Since its inaugural edition in 2012, Úll has become Ireland’s pre-eminent event for Apple- centric designers and developers. Úll attracts high-profile figures from across the Mac and iOS design community for a diverse range of talks and presentations, as well as the chance to get to know one another.
For the fourth instalment, running next Monday and Tuesday, Úll moves to the lakeside setting of the Europe Hotel & Resort in Killarney, Co Kerry – not the most obvious setting for a boutique technology conference, one would think.
However, particularly in its current format, calling Úll a conference is somewhat misleading. Last year, developers and Úll founders Paul Campbell and Dermot Daly decided to reinvent their event after two successful Dublin-based editions.
They took Úll on the road, moving to Lyrath Castle outside Kilkenny, and experimenting with a series of day-long “feature presentation” installations in various rooms.
As co-organiser Sasha Wilson puts it, this year's version is an "upgrade release" on that format, to use software parlance.
“We take a philosophy where we do a major release every two years, and every other year we do an upgrade release,” she says. “Last year was the first year with the concept of the festival environment, with a day-long feature presentation experience alongside stage talks.
“This year is really sort of an evolution of that, a chance to tinker with it and perfect it.”
Families and children
Last year’s event had more than a hint of an
for technology creatives, with plenty of spouses and children in attendance. The picture- postcard Kerry setting is likely to see that atmosphere continue in 2015.
For Wilson, a Canadian native, organising the event meant a first opportunity to get to know the Kingdom, and she is eager for attendees to experience it themselves.
"We're really fortunate in that a big percentage of our attendees come from overseas [about two-thirds in 2014], and that gives us an opportunity to show off Ireland, " she says.
“This year, we have the opportunity to take people even further into Ireland, and we are really proud to show off the country – Killarney is absolutely stunning.”
This year's headline sponsor is Wordpress. com, extending its involvement of the past few years.
The first day's proceedings will close with the Úll Show, a sort of live podcast-meets-Late Late Show, with former MacWorld editor Jason Snell and writer/developer Guy English interviewing the speakers and organisers.
As it happens, podcasting has emerged as a sort of theme of this year’s event, just as it emerges from the technology scene into the mainstream.
“There is a lot of focus on audio, as well as a big focus on television, and the intersection of technology and performance,” says Wilson. “One of the feature presentations involves recording some live television, and it will be interesting to see how people embrace that.”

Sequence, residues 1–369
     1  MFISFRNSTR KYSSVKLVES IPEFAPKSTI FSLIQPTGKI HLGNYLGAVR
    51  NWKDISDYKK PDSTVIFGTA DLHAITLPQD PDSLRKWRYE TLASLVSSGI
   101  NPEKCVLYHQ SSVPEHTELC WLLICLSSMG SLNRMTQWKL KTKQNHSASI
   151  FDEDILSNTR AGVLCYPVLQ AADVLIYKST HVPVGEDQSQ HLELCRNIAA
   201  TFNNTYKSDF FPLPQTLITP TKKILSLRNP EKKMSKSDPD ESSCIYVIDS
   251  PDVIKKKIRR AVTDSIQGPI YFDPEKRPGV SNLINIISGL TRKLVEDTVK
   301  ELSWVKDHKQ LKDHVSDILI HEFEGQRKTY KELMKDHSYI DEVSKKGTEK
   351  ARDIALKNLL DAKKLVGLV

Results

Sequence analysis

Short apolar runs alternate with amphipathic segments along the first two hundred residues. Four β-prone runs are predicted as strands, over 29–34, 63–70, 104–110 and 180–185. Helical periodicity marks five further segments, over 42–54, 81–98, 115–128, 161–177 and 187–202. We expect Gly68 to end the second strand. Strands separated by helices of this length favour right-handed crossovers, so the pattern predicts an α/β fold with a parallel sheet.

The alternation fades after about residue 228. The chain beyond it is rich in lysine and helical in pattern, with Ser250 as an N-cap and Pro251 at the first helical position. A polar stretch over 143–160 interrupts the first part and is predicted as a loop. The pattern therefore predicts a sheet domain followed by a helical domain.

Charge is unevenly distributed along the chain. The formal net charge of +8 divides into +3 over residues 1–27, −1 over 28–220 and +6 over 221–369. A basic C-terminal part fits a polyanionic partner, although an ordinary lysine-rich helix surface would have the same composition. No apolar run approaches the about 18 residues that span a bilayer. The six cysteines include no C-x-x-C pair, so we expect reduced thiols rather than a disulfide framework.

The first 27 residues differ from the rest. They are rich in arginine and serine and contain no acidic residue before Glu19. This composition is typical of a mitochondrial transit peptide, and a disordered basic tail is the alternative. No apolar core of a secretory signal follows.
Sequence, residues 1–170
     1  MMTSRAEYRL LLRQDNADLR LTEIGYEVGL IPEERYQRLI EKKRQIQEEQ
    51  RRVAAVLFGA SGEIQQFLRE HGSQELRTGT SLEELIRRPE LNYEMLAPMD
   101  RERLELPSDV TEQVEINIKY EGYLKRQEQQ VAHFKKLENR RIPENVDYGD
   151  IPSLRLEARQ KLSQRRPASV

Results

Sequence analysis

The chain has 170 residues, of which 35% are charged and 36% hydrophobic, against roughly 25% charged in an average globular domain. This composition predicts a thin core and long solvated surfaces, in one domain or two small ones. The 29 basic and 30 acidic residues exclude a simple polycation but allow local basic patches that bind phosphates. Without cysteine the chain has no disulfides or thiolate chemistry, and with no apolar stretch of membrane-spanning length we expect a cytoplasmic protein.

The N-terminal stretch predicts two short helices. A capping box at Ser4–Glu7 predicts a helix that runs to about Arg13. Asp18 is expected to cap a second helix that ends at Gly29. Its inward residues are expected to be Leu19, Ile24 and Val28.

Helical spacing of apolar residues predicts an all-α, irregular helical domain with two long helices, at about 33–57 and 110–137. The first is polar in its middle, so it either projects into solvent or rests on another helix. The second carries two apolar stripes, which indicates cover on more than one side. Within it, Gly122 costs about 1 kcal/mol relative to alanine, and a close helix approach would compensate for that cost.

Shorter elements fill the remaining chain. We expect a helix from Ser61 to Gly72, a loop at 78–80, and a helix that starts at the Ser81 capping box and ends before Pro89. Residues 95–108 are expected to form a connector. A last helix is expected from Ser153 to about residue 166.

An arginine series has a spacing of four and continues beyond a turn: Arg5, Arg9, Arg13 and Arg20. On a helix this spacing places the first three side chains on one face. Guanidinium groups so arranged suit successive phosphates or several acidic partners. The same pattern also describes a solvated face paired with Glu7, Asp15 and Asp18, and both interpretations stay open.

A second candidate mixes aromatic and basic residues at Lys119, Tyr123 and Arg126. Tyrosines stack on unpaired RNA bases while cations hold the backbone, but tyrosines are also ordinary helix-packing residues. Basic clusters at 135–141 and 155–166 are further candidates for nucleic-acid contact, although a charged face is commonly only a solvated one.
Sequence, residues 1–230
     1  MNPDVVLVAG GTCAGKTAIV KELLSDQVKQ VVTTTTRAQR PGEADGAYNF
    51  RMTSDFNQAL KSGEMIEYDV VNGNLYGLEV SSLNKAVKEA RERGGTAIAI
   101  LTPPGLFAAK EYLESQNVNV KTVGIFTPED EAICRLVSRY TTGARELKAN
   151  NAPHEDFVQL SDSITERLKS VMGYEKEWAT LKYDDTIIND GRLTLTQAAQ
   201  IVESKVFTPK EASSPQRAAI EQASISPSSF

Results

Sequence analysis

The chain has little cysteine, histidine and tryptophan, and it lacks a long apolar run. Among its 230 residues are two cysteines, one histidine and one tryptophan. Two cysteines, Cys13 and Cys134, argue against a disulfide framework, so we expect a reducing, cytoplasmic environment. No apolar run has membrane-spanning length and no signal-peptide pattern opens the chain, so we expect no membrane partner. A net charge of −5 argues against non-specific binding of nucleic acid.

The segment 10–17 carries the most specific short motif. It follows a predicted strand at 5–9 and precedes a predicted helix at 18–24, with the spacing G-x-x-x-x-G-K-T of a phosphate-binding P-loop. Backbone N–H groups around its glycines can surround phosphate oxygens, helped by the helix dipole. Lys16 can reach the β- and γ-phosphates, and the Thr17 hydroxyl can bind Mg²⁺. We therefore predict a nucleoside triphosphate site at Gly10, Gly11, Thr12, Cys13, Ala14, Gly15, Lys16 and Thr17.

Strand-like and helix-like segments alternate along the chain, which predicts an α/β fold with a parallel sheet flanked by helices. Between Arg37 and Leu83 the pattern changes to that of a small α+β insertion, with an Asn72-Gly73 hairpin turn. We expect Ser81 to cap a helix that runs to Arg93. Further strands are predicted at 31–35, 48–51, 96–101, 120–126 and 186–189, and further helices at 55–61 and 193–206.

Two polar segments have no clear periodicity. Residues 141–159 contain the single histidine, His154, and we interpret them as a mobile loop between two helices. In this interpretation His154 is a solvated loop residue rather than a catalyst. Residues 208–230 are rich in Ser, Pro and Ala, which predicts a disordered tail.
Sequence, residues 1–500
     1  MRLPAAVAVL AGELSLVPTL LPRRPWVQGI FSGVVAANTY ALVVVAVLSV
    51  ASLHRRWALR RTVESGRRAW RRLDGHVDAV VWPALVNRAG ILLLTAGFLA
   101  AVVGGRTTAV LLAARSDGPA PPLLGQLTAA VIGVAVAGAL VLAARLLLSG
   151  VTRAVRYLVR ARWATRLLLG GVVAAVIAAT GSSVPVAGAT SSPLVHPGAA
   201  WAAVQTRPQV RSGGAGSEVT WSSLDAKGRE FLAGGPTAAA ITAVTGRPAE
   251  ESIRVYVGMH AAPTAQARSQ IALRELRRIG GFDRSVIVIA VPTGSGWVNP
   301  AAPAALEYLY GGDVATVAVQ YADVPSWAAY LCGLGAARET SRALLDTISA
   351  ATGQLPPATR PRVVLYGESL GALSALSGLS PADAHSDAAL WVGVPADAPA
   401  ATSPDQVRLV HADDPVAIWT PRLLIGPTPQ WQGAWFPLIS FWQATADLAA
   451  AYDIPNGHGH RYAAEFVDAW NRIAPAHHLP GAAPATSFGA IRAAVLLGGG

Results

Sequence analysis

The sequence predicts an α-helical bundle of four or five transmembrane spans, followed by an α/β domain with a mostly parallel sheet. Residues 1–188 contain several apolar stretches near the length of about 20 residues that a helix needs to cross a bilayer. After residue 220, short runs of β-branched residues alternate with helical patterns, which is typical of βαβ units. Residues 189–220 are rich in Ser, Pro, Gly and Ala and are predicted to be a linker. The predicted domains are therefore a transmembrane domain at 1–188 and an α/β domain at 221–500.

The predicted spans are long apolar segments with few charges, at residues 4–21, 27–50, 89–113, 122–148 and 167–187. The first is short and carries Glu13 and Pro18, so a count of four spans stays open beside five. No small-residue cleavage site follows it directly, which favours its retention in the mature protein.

In terms of speakers, plans were disrupted when John Gruber, probably the foremost Apple commentator in the business and who was due to deliver a fourth successive keynote address, was forced to withdraw for health reasons.
However, the line-up features such luminaries of the tech world as Anil Dash, one of the most renowned bloggers and entrepreneurs on the web, and esteemed analyst Horace Dediu, who offers data-rich, revelatory presentations on the rise of mobile devices and apps.
Homegrown speakers and presenters include Baz Scott, a Belfast-based Scottish developer, who will discuss the concepts of ability and disability in app design; and Oisín Prendiville of Supertop, the design and development duo behind podcasting app Castro and RSS app Unread.
And what of the latest addition to the Apple product line-up, the Apple Watch?
“I expect that a good number of the folks on the stage will have a lot to discuss about the Apple Watch,” says Wilson. “I’d be incredibly surprised if it wasn’t a major theme of this year’s discussion. Horace, in particular, will have some interesting insights on the watch.”
Last year's experiment with the feature presentations brought mixed results, though highlights included a video exploration of the singular appeal of Instagram photography by Michael Lopp. There was also Jean MacDonald's App Camp for Girls, a day-long version of the app-development course she runs for young teen and pre-teen girls in Seattle and Portland.
Still, the format managed to cultivate a degree of interactivity and community that is one of the hallmarks of Úll – Daly and Campbell consistently emphasise that the focus is very much on fostering relationships between people, rather than encouraging financial deals or attracting foreign investment.
For Wilson, it is that focus that makes the event so special. “We aim to create the serendipity that comes with bringing new people together, but also having a thread that runs through it, the sense of developing a community of people who already know each other, in a way, through having a shared frame of reference.”
Focus on quality “It’s exciting to see people register for their fourth Úll in a row,” Wilson adds, “and it’s just as exciting to see people we’ve never heard of registering for their first Úll.
“We think it’s all about the people, about trying to unite them through this lens of Apple and its mission and focus on quality. That involves leaving attendees a lot of space to carry on that conversation, and that has been an important part of the success. We’ve had people leave Úll with new friends, new jobs and new business partners.”
For Campbell, Daly, Wilson and the Úll team, you get the feeling there is no greater measure of success than seeing those relationships flourish.